The NEE Health Forum is a largely enthusiastic and committed body of people who are interested in health matters. They are all people who have registered as public members of North East Essex Clinical Commissioning Group.
The Health Forum is not formally part of the Clinical Commissioning Group, but members of the Health Forum Committee are invited to be part of all decision-making meetings within the CCG so that they can obtain and reflect the views of people from North East Essex to the group in a timely way. The Clinical Commissioning Group wants the Health Forum to be as inclusive as possible, and so the criteria for eligibility are very broad. There is more detail on the Join the Health Forum page of their website.
Members of the Health Forum are able to vote for the Health Forum Committee. The Health Forum Committee has a number of sub-groups which are looking at specific health related issues. The Health Forum does not have any legal powers, but has been given local powers by the CCG. It works very closely with Essex HealthWatch, who do have legal powers.
Their important reports, including local Health Forum meeting dates, agendas and minutes and similar material relating to the Health Forum Committee can be found on their site in the Library.
The Health Forum holds local meetings which any public member of the CCG can attend, regardless of where they live. The 3 local meetings are held at Colchester; Harwich; (rest of) Tendring – this is usually held in Clacton.
The next meetings are being held on 2nd, 3rd & 4th February (2pm – 4pm) respectively. The agenda vary slightly both from meeting to meeting but also by location, but will typically include items such as those due to be discussed in the February meetings:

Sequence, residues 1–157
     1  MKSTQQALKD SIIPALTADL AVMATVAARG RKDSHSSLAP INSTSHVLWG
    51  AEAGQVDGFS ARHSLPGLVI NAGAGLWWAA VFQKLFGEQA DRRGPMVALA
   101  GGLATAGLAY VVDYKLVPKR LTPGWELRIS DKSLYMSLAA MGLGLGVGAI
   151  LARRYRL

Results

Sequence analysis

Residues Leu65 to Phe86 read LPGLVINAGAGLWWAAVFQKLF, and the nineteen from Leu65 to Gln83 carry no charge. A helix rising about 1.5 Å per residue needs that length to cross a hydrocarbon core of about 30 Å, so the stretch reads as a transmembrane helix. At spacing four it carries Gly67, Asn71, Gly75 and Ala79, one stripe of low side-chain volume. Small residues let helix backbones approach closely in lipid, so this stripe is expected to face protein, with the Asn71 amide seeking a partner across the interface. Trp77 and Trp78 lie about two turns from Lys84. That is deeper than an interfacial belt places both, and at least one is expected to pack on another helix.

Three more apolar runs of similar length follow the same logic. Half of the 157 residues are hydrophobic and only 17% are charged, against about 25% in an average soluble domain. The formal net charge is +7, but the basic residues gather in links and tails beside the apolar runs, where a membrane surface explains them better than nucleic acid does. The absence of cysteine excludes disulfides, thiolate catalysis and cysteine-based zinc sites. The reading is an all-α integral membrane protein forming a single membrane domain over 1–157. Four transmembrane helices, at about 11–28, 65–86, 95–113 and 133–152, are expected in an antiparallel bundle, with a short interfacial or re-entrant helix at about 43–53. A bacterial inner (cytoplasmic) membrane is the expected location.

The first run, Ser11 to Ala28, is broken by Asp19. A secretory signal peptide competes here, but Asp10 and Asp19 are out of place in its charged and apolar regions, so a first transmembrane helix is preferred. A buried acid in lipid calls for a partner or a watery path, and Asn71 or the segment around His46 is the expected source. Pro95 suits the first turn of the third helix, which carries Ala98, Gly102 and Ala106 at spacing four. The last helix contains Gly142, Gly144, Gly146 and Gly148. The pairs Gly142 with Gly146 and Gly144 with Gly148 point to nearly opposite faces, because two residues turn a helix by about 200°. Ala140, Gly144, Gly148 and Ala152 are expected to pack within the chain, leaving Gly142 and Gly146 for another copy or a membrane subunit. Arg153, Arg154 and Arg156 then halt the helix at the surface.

These meetings give Health Forum members a chance to receive presentations and ask questions relating to key health care issues and services in their area. They are also to raise concerns with the NEE CCG staff directly and Health Forum Committee members.
The Agendas for the local meetings are set by the Health Forum Committee who request speakers on the subjects they believe local people want to hear more about. The CCG supports the Health Forum Committee by finding suitable speakers and health professionals that are in a position to answer relevant questions.
All three local meetings are usually held within a week of each other and they occur bi-monthly (every other month). The dates of future meetings can be found on their events page
The agendas and minutes of the Local Engagement forum are published in their Library under Health Forum.